Guest blog by Senior Physiotherapist Amber Hanrahan
Perhaps you’re a little confused about the role a physiotherapist can play to support breastfeeding? Physiotherapists can help to manage the usual pain management of back pain, neck pain and other body aches that may be wreaking havoc on your body whilst you are trying to nurse your baby. But did you know, physiotherapists with extra training in Women’s Health can provide treatment for painful nipples and mastitis related problems? In 2022, there’s new guidelines released by the Academy of Breastfeeding Medicine (ABM), with updated protocols suggested for mastitis management.
Amber Hanrahan is a physiotherapist from Perth, who has a special interest in Women’s Health including pregnancy pain management and fitness, birth recovery and return to exercise postpartum. She has a 16 month old son whom she is still breastfeeding, despite having mastitis five times to date! Having support and best practice advice has been paramount to her successful breastfeeding journey.
Ultrasound for blocked ducts / mastitis
Pain within the breast area +/- hard lumps can be caused by engorgement or ‘blocked milk ducts’ (which is outdated terminology now, as we now know the milk ducts narrow due to inflammation within the breast tissue, not because of a blockage). Mastitis is inflammation of the breast tissues. This can cause pain, swelling, inflammation, redness, warmth, fever, shakes and feeling really run down.
To manage the pain, women’s physiotherapists can provide ultrasound treatment to the affected breast to help reduce the inflammation and ease pain. The treatment is pain free and lasts approximately 10 minutes. Depending on the severity, it may take 1-3 days of consecutive treatments to resolve the painful lumps or mastitis.
Some other ways to help manage inflammation include using a cool pack to the area (not heat, as it can increase inflammation) and to very gently massage the area to assist with lymphatic drainage. Do not massage with deep firm pressure as this can cause micro trauma to the tissues, creating more swelling and inflammation elsewhere in the breast. It is best to see your women's physiotherapist for specifically tailored advice.
Laser therapy for nipple pain / damage
Breastfeeding in the early days can cause nipple pain and damage whilst you are trying to get to know your baby. Nipple pain, sensitivity, cracked, bleeding, blistered nipples can be treated with low level laser therapy by a trained physiotherapist. This is a pain free treatment that uses light therapy to speed up natural tissue healing. If you have not already seen a lactation consultant, your physiotherapist will likely recommend you see one, as we will only be treating the symptom (nipple pain) not the cause (breastfeeding attachment). Although this problem is common to have, it can be resolved with the right support. Ask if your local physiotherapist provides laser therapy for nipple pain.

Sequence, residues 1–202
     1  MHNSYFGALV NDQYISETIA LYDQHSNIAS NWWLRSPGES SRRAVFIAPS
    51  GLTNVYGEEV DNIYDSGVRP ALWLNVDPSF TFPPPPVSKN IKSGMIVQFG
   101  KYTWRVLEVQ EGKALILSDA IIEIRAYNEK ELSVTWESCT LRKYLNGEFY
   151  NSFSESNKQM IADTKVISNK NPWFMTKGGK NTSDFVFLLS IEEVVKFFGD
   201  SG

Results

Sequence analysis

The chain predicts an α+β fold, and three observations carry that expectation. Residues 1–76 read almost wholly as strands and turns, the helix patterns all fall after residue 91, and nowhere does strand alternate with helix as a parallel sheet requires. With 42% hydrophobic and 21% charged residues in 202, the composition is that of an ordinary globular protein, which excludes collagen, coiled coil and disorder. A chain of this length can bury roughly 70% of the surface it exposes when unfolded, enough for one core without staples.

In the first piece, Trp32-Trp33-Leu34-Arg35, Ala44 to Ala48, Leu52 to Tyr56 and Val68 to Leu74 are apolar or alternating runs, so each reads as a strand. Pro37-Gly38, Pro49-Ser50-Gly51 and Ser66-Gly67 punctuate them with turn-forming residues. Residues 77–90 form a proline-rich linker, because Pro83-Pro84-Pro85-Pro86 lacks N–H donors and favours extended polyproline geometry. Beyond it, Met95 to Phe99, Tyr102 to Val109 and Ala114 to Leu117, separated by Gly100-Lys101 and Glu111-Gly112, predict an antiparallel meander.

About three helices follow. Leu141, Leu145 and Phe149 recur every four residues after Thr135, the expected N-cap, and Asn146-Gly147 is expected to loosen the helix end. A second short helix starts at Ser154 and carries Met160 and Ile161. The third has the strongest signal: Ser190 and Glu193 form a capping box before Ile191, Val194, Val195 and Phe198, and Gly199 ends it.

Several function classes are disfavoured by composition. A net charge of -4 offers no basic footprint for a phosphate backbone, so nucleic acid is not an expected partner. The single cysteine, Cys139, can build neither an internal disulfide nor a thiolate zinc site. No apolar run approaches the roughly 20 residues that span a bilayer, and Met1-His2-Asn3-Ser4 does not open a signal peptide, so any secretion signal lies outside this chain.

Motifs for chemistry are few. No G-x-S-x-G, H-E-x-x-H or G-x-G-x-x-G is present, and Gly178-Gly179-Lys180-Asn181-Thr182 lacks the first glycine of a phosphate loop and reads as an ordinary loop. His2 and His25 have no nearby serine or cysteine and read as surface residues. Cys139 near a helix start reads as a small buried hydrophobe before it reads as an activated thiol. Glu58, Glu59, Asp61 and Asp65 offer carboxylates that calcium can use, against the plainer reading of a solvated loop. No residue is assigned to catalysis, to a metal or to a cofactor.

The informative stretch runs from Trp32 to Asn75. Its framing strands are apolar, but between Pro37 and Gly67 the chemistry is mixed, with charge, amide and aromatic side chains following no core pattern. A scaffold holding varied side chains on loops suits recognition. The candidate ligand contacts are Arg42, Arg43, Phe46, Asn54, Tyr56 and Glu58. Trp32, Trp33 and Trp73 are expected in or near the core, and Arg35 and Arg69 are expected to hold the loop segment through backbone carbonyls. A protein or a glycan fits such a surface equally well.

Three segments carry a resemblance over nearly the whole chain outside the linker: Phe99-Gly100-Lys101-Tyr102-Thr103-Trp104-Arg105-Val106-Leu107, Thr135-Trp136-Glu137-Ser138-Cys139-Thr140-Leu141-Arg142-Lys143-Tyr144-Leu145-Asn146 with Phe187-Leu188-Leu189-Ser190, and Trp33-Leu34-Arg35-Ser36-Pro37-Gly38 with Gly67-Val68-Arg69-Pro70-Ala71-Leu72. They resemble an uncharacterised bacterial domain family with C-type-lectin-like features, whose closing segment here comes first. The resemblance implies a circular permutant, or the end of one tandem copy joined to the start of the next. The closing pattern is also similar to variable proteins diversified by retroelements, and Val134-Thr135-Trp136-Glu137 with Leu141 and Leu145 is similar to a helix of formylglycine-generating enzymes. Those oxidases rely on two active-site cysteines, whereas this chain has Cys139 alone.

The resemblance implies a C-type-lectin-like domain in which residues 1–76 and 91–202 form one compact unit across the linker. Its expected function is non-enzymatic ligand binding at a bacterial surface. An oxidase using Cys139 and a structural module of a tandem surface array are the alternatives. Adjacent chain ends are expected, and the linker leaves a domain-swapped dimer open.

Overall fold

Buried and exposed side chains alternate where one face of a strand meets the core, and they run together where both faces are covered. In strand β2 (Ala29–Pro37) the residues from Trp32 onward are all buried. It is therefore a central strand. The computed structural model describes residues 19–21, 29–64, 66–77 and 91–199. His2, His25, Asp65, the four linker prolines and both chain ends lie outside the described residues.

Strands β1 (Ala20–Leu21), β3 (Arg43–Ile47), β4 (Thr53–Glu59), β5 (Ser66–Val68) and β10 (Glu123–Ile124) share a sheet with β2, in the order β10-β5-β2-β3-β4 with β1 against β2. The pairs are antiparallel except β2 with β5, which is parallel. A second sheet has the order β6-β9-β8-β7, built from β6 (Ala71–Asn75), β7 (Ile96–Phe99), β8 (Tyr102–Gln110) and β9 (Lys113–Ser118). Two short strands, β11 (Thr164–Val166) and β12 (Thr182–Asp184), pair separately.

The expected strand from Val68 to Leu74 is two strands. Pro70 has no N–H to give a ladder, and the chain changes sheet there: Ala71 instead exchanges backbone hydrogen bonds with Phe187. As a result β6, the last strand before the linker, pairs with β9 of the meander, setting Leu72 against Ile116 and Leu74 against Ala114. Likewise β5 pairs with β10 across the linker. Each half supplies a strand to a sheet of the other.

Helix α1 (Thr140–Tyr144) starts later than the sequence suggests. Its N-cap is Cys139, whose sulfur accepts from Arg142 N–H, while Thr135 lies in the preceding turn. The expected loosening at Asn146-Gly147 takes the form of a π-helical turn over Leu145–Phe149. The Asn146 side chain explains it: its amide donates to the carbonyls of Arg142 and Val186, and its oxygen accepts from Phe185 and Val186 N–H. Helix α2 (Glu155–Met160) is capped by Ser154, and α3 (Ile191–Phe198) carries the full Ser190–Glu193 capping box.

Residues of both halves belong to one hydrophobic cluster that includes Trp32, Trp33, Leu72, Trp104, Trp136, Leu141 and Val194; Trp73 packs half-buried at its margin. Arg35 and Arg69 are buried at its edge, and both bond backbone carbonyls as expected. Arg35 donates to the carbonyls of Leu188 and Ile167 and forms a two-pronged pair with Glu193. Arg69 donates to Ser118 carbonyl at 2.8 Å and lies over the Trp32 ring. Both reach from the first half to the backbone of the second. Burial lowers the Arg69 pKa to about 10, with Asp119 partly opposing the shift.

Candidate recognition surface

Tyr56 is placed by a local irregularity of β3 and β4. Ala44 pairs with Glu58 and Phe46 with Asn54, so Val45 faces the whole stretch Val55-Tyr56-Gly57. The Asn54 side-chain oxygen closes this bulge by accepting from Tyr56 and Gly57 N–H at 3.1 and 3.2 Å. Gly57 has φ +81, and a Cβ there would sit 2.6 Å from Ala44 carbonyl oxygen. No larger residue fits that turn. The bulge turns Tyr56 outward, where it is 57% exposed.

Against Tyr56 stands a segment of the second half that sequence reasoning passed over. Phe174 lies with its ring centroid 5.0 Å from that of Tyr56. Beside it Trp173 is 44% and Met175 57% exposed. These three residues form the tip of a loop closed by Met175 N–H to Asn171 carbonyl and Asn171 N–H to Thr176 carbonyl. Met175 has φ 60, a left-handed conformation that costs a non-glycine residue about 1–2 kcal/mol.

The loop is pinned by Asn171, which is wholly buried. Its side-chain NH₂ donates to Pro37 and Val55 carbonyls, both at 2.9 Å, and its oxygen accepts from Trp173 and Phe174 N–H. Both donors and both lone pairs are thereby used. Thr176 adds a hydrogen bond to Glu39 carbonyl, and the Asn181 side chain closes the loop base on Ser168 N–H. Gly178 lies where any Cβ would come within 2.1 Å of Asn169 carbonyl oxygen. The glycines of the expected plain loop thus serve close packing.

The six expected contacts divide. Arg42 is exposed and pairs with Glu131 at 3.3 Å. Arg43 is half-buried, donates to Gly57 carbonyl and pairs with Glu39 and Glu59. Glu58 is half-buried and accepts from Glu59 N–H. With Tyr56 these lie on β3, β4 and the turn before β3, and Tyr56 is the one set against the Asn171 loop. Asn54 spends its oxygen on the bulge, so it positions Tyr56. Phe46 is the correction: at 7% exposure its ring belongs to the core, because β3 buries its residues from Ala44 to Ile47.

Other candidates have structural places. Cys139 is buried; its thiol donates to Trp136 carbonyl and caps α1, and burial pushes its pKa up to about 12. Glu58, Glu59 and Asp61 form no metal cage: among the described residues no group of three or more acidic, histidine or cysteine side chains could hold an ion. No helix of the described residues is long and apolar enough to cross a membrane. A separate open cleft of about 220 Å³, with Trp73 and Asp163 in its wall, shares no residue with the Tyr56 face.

Amber shares exercises, stretches and other tips and tricks on her instagram page, including her recent 7 Days Of Thoracic Mobility reels
Try these stretches & exercises for back pain with breastfeeding
Neck, upper and lower back pain are the main complaints we have for new mothers. And these problems can ebb and flow within the first year after birth. Having ‘good posture’ whilst feeding isn’t always practical, especially in the middle of the night, so supporting your spine by moving it regularly and gently activating the muscles can help to keep niggles at bay. You may also want to try nursing whilst lying down to help ease neck and back pain or prevent it altogether.
Here’s a few exercises you can try to keep your muscles and joints happy, and keep the niggles at bay.
Let’s start with the neck. Instead of tilting your head and stretching your ear as far away from your shoulder as possible, try the opposite! Shrug both your shoulders up and back just a little, and hold that position for 30 seconds or until you start to feel them fatigue. By shortening the distance between the shoulders and earlobes, you are supporting the joints and soft tissues around the base of the neck. This helps to take the pressure off the muscles that have been stretched and strained from prolonged holding of your baby (and looking down at their gorgeous face!).
For upper back pain, try shoulder rolls forward and back as many times as feels comfortable for you, followed by clasping your hands together behind you and lifting up your chest. This helps to straighten out the slumped position we often find ourselves in, especially with a sleeping baby (or toddler!) in our arms! If you can't touch your hands together behind you, hold on to a hand towel and try to creep your hands in as close as possible. Amber has a series of reels on her instagram ‘ 7 days of thoracic mobility’ with plenty more exercise options for upper back stiffness.
For lower back pain, try some pelvic tilts. Either sitting on an exercise ball and rocking forwards, back and in circles (babies like this too!) or lying on your back, rocking your knees side to side. Be mindful when standing up from sitting with your baby in your arms, especially if you have been naptrapped for longer than 20 mins! A firm pillow behind the lower back can help to limit slumping in the chair. Alternatively, if you are nursing in standing, you can try tensing the glute (buttock) muscles and think about ‘standing tall’ to take the pressure off the lower back.
If you’d like to see more tips on these topics, follow Amber’s instagram account which has a mix of educational advice, exercise ideas and unfiltered, real life mum-life! If you are in Perth, Amber is working at Roar Physiotherapy in Cockburn. Otherwise she will happily point you in the right direction to help you find a local physiotherapist to suit your needs. As always, these tips are general and an individualised assessment and treatment plan is recommended for best outcomes.
Thank you Amber!